Until about a year ago, Jo Ann Jenkins, the president of the AARP Foundation, had been searching hard for someone, or something, to bring more awareness of what the organization considers to be a serious and overlooked issue. According to the foundation, 9 million elderly Americans are hungry.
The foundation settled on an unlikely front man: a 40-year-old millionaire with only a sprinkling of gray hair and still several years from retirement, who has two young children and belts himself into a 3,500-pound stock car and drives it much faster than 10 miles per hour.
The AARP paid an undisclosed fee — probably in the tens of millions of dollars — to Hendrick Motorsports to paint “Drive to End Hunger” on the Chevrolet raced by Jeff Gordon, four-time top-series champion, for 22 races each in the 2011, 2012 and 2013 seasons.
“It helped us reach people we wouldn’t have been able to meet through community activities throughout the country," says Jenkins. “There isn’t a bigger audience than we know of than the Nascar community."
That community appears to have dwindled during the economic downturn. Attendance has only held steady or has slipped at most tracks. Most notable among them is the Indianapolis Motor Speedway, which hosts a mid-summer race, the Brickyard 400, that drew an estimated 138,000 last year, about half of the 270,000 that attended the race in 2007.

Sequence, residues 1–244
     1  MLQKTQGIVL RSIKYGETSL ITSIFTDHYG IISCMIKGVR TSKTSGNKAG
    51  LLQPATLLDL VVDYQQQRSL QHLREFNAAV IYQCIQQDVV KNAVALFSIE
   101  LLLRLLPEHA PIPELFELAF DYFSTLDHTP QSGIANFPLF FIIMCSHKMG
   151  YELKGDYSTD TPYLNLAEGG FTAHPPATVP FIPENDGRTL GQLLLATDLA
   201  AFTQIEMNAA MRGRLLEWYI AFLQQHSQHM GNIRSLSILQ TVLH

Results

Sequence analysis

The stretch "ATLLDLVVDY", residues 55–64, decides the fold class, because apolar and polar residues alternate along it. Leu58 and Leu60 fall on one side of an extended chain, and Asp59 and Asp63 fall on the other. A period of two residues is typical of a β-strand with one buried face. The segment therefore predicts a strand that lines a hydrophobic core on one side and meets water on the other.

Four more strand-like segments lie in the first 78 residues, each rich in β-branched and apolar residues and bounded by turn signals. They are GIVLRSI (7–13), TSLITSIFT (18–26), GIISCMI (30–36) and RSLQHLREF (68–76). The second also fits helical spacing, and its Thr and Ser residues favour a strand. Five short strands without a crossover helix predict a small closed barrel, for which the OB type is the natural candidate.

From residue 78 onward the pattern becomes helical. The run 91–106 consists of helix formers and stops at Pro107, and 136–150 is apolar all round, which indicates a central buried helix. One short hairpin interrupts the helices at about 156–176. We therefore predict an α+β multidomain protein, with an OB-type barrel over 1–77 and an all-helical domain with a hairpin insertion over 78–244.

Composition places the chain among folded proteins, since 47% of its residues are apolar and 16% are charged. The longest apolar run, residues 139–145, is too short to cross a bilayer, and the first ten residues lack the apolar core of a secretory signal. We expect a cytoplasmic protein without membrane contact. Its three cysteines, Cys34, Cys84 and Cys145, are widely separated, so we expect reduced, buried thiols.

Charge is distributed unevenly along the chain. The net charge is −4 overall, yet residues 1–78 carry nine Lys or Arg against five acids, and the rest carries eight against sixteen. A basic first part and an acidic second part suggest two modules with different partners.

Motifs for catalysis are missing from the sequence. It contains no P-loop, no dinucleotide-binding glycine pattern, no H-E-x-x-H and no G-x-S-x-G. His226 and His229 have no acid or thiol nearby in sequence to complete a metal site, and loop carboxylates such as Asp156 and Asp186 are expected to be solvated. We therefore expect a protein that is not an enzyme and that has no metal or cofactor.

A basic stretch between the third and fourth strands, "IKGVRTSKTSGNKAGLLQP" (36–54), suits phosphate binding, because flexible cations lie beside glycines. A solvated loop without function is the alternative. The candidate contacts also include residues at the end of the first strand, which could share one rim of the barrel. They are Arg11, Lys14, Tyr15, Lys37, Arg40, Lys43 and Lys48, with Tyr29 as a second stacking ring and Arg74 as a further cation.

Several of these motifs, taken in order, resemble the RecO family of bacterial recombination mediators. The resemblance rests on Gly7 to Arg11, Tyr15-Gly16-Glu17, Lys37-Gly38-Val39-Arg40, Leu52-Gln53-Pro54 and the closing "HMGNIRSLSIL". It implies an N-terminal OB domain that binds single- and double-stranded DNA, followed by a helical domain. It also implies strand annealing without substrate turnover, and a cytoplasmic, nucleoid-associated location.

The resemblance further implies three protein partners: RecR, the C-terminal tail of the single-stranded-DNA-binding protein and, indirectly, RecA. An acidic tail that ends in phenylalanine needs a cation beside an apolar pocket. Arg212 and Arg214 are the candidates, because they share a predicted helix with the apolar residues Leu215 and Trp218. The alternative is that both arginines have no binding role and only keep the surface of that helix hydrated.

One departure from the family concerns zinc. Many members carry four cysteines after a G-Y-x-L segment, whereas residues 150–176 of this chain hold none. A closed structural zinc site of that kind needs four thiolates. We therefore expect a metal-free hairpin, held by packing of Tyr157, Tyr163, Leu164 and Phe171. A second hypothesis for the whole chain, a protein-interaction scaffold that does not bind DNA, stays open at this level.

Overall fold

Nascarreported an 8 percent increase in the Sprint Cup Series television ratings in 2011 compared to 2010, but viewership for several marquee races was down, including the Daytona 500, which drew 15.8 million viewers a year ago, compared with 17.8 million in 2008.
Nascar's eight-year, $4.48-billion television contractwith Fox, ESPNand Turneris to expire at the end of the 2014 season, but the organization and its race teams have already altered the way they do business. Corporate sponsors, more important to the sport than gasoline, are being recruited harder, and from a wider spectrum.